Monday, July 10, 2017

Consider What You Write

Our Sunday newspaper had an article about a museum in our community that has been featuring programs for children this summer. They highlighted a story time where an adult read a book to the children. This particular story for preschool age kids features some cows who type notes to the farmer demanding electric blankets. The farmer says "No." So, the cows go on strike. No milk! The farmer gives in. How easy it sounded

My first thought was that I didn't especially care for the idea of teaching small children how to protest and strike to get what they want. A lesson in temper tantrums, perhaps. After that, I began to ponder the amount of influence writers have on their readers. 

Children are fairly easy to impress and to sway to the thinking by whatever adult is either writing a story, or reading it to them. For that reason, I think that children's authors need to be very careful. Of course, they are writing to myriad kinds of parents who pick out the books they read to their little ones. Some would be happy with that cow tale while others would not.

Nonfiction writers who write for adults also need to be cautious. Most readers take what is offered at face value. If this is what the writer tells me, I should probably believe it. We want to trust writers to tell us the truth and to tell us all of a story, not just the part that illustrates a point. In the political world we live in today, writers do influence readers a lot. We sometimes allow the writer whose political persuasion is the same as ours to cement our own opinion. He's on my side, so I'm going to believe him. When it's a writer whose views are the opposite side, we tend to be more doubtful. We scoff at what the writer tells us. This works with both parties, both ways. I'm not singling out any one affiliation here.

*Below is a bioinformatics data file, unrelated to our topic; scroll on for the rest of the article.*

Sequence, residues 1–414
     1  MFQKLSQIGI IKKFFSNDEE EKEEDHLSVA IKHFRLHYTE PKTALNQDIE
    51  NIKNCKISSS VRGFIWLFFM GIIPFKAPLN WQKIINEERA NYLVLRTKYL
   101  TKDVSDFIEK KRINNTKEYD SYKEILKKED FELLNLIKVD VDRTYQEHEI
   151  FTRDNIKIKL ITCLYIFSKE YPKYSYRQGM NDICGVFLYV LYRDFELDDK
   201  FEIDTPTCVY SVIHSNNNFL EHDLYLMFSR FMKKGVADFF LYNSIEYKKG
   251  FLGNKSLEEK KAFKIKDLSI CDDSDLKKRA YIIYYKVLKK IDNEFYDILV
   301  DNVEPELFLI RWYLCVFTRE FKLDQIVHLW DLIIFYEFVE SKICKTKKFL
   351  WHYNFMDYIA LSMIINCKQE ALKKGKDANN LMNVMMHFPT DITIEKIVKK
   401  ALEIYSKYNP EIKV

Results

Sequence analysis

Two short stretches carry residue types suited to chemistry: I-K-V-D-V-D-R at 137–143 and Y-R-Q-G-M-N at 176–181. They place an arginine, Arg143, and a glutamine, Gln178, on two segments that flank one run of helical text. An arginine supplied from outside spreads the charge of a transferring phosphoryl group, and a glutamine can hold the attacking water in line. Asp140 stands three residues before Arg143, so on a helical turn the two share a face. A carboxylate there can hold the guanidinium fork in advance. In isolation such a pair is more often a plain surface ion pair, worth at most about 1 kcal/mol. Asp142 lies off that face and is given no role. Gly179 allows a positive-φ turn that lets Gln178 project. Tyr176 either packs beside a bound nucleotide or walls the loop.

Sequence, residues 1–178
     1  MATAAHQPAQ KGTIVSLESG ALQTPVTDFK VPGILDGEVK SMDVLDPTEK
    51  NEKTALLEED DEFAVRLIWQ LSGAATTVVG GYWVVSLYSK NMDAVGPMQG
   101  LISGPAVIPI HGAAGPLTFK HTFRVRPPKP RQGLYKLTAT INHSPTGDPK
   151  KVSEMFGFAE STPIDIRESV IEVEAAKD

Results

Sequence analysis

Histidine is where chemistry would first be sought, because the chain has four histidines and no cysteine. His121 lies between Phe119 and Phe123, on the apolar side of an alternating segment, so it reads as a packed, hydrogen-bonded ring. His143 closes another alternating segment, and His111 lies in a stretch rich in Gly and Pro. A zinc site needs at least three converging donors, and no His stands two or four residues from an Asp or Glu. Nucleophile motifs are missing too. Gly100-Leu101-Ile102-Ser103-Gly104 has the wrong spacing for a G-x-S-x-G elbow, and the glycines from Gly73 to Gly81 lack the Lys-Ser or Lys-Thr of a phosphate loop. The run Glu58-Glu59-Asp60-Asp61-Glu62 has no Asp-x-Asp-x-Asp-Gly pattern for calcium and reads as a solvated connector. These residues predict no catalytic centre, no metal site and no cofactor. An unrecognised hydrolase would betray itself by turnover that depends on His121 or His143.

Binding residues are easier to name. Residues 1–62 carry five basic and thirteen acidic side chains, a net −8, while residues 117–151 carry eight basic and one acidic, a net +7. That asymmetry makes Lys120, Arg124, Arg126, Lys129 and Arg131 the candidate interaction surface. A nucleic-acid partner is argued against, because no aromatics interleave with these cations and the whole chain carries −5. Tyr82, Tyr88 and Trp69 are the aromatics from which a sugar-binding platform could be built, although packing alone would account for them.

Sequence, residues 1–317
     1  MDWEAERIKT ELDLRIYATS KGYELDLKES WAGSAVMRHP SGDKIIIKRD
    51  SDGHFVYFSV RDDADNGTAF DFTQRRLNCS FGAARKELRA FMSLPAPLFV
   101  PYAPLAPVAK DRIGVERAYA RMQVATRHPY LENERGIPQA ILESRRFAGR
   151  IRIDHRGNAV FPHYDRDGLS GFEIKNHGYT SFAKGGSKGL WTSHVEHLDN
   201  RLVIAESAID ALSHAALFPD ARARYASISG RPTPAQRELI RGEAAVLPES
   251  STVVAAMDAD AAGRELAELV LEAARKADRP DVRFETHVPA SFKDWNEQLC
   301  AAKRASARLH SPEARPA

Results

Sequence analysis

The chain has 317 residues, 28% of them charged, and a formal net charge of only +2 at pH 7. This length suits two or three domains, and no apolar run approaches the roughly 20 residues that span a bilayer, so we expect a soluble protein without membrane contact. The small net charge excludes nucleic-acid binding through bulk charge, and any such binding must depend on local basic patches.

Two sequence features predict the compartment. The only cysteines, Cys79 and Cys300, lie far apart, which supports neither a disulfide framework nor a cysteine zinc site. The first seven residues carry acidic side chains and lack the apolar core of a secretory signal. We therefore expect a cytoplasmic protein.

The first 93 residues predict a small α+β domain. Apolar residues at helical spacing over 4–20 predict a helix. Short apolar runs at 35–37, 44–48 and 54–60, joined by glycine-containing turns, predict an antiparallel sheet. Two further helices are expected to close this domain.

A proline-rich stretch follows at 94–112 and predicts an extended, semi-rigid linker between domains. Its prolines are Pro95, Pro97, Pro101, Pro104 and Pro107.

Fiction writers influence their readers, too. If the hero or heroine does this or that, we want to believe it's the way we should all act. When the author is one we admire, we take all he/she tells us at face value. We don't question. That's alright but keep in mind that this is fiction, not the reality that we live in on a daily basis. Sometimes,we do use fiction characters as role models and that's probably a positive. Hopefully, we'll strive to be the good guy (or girl) and ignore the character whose morals and actions are less than good.

How about poets? Do they also impress their readers? I think they definitely can. They, too, should give careful consideration to what they write and the way they hope to reach their readers' inner beings. Some poets will come back with something like I write poems from the heart and I don't care what my reader thinks. That's the personal choice of every poet and every writer but readers still leave with an impression of some kind.

I feel that, as writers, we need to consider the influence we have on our readers, both young and not-so-young. With that in mind, we should be responsible stewards of the word. 

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